In the set of tools available for developers under the GNU license, there is a debugger, the gdb. gdb itself is a command-line tool like g++ and gcc and is used to monitor applications during runtime. The application binary therefore has to include runtime information for the debugger, which can be turned on during compilation. Then gdb will deliver as much information about your application as available: addresses, method names, object values, location of methods in your source files, and much more. However, to make the best use of it, a lot of freely available GUI front ends are provided, such as ddd or kdbg, which let you run your application with gdb and display the runtime information delivered by gdb. KDevelop, however, contains a new internal debugging front end to gdb that lets you use all features within the same environment so that you don't have to switch between your coding editor and the debugger application. Its integration is seamless and easy to use, and you are still provided the possibility to use an external debugging front end as a tool in the Tools window.
The debugger settings, like all other KDevelop configuration options, are located in KDevelop Setup, which can be accessed via the Options menu. Select the debugger tabulator to change the debugging settings.
There you can select between the default use of the internal KDevelop debugger or using an external debugger with the debugger name you want to use (ddd or kdbg).
Next, three major settings for the internal debugger are worth a closer look. First is the option to set Pending Breakpoints. A breakpoint is a mark in the source code at a certain line where you want the debugger to stop your application—for example, when you're searching for a segmentation fault or you want to inspect how often your application will call the same method to increase the performance when you know how to reduce the number of times a method gets called. Now, applications often make use of libraries that they are linked to. Although static libraries are included into the binary, dynamic libraries such as the KDE and Qt libraries are loaded when an application calls a method that is in one of these libraries. That means as long as a method that is placed in a library didn't get called, the library won't be loaded. When you want to set a breakpoint exactly at a method call that is in a library, gdb can't set it if the library isn't in the system's memory. The Pending Breakpoint option helps here because it deactivates the breakpoint as long as the library hasn't been loaded, and it tries to activate it as soon as the library is available in memory.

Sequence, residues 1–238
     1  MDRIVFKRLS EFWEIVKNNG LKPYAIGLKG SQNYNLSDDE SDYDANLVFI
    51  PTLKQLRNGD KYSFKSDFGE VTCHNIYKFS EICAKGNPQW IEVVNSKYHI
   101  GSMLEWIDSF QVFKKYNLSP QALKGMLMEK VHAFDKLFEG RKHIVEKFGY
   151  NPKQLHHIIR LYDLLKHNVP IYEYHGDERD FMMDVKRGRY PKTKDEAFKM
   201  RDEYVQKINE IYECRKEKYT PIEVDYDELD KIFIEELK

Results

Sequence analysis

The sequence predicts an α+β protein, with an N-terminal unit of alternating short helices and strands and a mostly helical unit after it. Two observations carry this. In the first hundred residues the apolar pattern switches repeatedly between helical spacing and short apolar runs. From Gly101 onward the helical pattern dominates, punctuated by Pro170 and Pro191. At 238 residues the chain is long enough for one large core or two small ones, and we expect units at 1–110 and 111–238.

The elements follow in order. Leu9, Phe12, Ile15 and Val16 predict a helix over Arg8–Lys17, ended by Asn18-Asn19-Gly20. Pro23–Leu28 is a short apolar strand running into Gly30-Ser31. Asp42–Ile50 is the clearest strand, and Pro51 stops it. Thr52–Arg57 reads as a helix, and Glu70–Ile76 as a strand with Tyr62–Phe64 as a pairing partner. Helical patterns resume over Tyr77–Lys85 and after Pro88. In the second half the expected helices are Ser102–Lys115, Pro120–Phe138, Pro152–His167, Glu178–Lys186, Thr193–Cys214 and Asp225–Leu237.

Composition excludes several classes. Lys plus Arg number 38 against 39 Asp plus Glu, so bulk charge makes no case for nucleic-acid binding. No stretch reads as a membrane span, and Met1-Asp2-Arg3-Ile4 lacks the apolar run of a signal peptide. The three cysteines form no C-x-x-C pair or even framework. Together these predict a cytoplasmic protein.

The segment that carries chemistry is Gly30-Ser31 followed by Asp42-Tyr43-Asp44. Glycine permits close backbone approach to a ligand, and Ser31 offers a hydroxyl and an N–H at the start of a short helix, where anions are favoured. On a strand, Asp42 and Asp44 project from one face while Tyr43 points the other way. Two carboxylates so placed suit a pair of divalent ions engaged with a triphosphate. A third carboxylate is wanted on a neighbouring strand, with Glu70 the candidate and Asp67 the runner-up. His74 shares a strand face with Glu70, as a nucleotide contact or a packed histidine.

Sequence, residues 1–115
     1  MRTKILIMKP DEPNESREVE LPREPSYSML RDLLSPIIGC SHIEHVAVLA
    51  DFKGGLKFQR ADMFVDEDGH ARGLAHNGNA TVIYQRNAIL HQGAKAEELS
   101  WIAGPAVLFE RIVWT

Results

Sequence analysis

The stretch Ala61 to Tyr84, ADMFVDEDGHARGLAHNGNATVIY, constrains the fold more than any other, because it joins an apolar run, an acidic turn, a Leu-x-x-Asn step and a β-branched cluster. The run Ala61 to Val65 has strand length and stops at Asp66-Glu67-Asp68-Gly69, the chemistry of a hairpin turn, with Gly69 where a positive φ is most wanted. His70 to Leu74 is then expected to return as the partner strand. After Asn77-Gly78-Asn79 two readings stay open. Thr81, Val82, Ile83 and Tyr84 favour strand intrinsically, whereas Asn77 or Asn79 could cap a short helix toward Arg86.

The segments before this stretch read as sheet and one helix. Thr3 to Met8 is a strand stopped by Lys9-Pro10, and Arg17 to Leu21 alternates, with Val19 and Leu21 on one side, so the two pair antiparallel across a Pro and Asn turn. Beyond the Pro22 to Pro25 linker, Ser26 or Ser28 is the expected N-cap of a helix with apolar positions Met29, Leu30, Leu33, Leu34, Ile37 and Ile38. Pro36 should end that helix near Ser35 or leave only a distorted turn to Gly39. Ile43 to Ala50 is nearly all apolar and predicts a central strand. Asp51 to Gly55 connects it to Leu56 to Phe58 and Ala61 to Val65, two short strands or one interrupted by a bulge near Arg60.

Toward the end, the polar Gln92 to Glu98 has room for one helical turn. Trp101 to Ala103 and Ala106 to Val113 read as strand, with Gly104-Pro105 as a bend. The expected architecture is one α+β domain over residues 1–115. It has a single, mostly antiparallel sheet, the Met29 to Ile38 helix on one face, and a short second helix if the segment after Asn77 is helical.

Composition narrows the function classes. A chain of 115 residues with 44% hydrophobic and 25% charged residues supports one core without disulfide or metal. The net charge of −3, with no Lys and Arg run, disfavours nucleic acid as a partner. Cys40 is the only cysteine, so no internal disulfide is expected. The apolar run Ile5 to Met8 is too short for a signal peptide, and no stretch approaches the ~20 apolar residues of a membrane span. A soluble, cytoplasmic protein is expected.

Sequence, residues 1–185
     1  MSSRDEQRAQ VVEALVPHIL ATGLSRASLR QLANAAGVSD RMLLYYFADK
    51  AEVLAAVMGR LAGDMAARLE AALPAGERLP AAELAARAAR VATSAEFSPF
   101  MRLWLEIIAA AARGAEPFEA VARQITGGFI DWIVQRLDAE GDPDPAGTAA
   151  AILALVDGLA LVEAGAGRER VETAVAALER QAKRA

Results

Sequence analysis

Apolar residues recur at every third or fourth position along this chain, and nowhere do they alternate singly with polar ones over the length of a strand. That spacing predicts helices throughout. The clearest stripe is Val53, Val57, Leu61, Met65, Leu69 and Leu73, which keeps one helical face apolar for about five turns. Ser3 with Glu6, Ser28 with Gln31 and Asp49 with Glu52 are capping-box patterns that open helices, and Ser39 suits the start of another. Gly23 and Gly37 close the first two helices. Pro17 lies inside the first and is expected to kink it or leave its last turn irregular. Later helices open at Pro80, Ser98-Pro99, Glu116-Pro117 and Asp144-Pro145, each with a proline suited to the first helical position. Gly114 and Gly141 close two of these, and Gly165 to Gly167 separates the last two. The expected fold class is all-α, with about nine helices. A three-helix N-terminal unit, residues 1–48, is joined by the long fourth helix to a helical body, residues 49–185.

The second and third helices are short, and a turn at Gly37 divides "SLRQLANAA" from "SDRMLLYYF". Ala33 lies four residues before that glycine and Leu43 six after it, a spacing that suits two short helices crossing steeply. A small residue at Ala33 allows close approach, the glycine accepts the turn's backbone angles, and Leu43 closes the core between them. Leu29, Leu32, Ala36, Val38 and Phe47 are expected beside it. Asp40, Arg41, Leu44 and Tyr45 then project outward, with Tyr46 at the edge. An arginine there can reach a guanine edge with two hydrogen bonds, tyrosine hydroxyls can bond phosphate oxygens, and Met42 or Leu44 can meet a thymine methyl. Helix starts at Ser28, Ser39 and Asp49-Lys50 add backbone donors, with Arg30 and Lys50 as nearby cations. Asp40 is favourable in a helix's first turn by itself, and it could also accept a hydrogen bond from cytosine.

The second option that is very important is the floating toolbar. In debugging mode of KDevelop, this brings up a separate little toolbar window that contains the debugging commands as icons and that will stay on top. This is a nice feature that makes debugging easier, and you can still monitor the source code in KDevelop behind your application window (see Figure 18.11). There is also the option to use a separate I/O window for applications that make use of command-line input calls, such as cin and fgets. In that case, checking the floating toolbar is again a good option so that your input window doesn't get obscured when activating debugging commands.
To debug your application, all you have to do is to tell the compiler to include debugging code into the binary that serves as a reference from the object code to the original source code so that breakpoints can be set and monitored.
For this, open the Project Options dialog available in the Project menu. Switch to the compiler options tabulator and check the Generate Debugging Information option together with the debugging level. By default, debugging is turned on at project creation, so you shouldn't worry if your application loads a bit slower when running a normal test. To see how it will perform when compiled normally, deselect this option and enable optimization instead, which can be done on the same page. A commonly used optimization level is -02, which will work in most cases, but you're on the safe side using -01.